U.S. Department of the Interior (DOI)
The U.S. Department of the Interior (DOI) "protects America’s natural resources and heritage, honors our cultures and tribal communities, and supplies the energy to power our future". Measured in economic terms, the Department’s programs support approximately $370 billion in economic activity each year and 1.4 million jobs. The DOI manages the Nation’s public lands and minerals, including providing access to public lands and the Outer Continental Shelf for renewable and conventional energy; is the steward of 20 percent of the Nation’s lands including national parks, national wildlife refuges, and the public lands; is the largest supplier and manager of water in the 17 western states and a supplier of hydropower energy; and upholds Federal trust responsibilities to Indian tribes and Alaska Natives. DOI's charter is to be responsible for migratory wildlife conservation; historic preservation; endangered species conservation; surface-mined lands protection and restoration; mapping, geological, hydrological, and biological science for the Nation; and financial and technical assistance for the insular areas.
The National Park Service, U.S. Fish and Wildlife Service, Bureau of Indian Affairs, Bureau of Land Management, Office of Surface Mining, Bureau of Ocean Energy Management, U.S. Geological Survey, Bureau of Reclamation, and the Office of Insular Affairs are public agencies administered by the DOI.
In 2009, the DOI launched a strategy to address current and future impacts of climate change on U.S. land, water, wildlife, cultural-heritage and tribal resources. The strategy is designed for the bureaus to coordinate climate-change science and resource-management strategies, utilizing a Climate Change Response Council, eight DOI Regional Climate Science Centers (CSCs), and a network of Landscape Conservation Cooperatives(LCCs).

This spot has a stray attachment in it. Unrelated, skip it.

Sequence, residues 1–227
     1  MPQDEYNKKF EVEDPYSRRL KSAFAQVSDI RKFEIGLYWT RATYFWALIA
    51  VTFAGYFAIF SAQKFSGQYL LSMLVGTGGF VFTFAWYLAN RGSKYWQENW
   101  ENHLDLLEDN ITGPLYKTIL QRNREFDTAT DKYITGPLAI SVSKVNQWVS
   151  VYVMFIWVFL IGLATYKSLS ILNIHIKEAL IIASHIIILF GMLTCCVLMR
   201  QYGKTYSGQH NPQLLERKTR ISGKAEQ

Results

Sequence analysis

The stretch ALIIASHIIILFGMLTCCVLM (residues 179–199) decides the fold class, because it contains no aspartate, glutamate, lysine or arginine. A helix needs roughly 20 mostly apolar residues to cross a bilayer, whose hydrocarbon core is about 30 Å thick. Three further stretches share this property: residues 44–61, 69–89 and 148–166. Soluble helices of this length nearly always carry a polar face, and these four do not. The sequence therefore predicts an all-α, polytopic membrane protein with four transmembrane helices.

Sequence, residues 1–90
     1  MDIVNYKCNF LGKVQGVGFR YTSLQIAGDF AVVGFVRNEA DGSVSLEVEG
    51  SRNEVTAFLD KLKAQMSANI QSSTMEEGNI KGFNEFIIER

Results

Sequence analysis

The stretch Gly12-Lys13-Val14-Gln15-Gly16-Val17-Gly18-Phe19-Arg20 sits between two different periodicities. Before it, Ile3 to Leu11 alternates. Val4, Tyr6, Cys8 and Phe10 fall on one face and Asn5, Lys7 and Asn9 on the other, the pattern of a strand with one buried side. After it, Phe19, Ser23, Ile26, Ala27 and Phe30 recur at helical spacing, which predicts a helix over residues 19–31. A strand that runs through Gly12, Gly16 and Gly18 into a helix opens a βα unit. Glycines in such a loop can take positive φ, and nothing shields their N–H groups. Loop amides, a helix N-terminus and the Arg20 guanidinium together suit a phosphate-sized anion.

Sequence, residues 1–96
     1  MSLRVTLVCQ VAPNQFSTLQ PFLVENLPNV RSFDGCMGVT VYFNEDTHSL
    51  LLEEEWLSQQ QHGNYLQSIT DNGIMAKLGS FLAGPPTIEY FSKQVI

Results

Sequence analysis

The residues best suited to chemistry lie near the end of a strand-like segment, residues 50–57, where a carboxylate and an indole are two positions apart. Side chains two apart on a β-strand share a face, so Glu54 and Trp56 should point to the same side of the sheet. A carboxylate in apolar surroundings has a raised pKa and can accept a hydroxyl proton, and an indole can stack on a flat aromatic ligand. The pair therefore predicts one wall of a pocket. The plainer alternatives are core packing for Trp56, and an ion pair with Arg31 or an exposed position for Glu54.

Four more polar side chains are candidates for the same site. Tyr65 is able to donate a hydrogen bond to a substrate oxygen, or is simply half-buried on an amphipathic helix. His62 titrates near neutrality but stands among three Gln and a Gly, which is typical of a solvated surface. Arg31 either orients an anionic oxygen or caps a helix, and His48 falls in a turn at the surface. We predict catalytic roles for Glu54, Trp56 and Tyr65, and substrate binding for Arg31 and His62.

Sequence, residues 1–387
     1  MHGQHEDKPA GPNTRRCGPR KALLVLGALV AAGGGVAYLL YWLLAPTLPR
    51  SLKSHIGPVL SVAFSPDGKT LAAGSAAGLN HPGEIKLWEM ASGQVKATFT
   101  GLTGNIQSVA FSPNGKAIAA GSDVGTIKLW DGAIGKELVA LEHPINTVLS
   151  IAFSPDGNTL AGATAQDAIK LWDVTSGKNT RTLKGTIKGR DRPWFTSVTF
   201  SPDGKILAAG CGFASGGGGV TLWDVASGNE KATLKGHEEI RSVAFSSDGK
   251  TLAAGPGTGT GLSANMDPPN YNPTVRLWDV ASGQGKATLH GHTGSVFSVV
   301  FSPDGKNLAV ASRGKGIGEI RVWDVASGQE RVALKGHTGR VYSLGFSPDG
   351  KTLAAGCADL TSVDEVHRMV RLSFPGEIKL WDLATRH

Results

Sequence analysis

The Climate Change Response Council will coordinate the response to the impacts of climate change, and improve the sharing and communication of climate-change impact science, within and among DOI bureaus. The Climate Science Centers - serving Alaska, the Northeast, the Southeast, the Southwest, the Midwest, the West, Northwest, and Pacific regions - will synthesize existing climate-change-impact data and management strategies, help resource managers put them into action on the ground, and engage the public through education initiatives.
CSCs will deliver basic climate-change-impact science to Landscape Conservation Cooperatives within their respective regions, including physical and biological research, ecological forecasting, and multi-scale modeling. The LCCs interconnect DOI and other federal agencies, local and state partners, and the public to build practical, landscape-level strategies for managing climate-change impacts within the eight regions. LCCs will focus on impacts that typically extend beyond the borders of any single National Wildlife Refuge, Bureau of Land Management unit, or National Park such as wildfire risk, drought, invasive species, or the effects of climate change on wildlife migration patterns.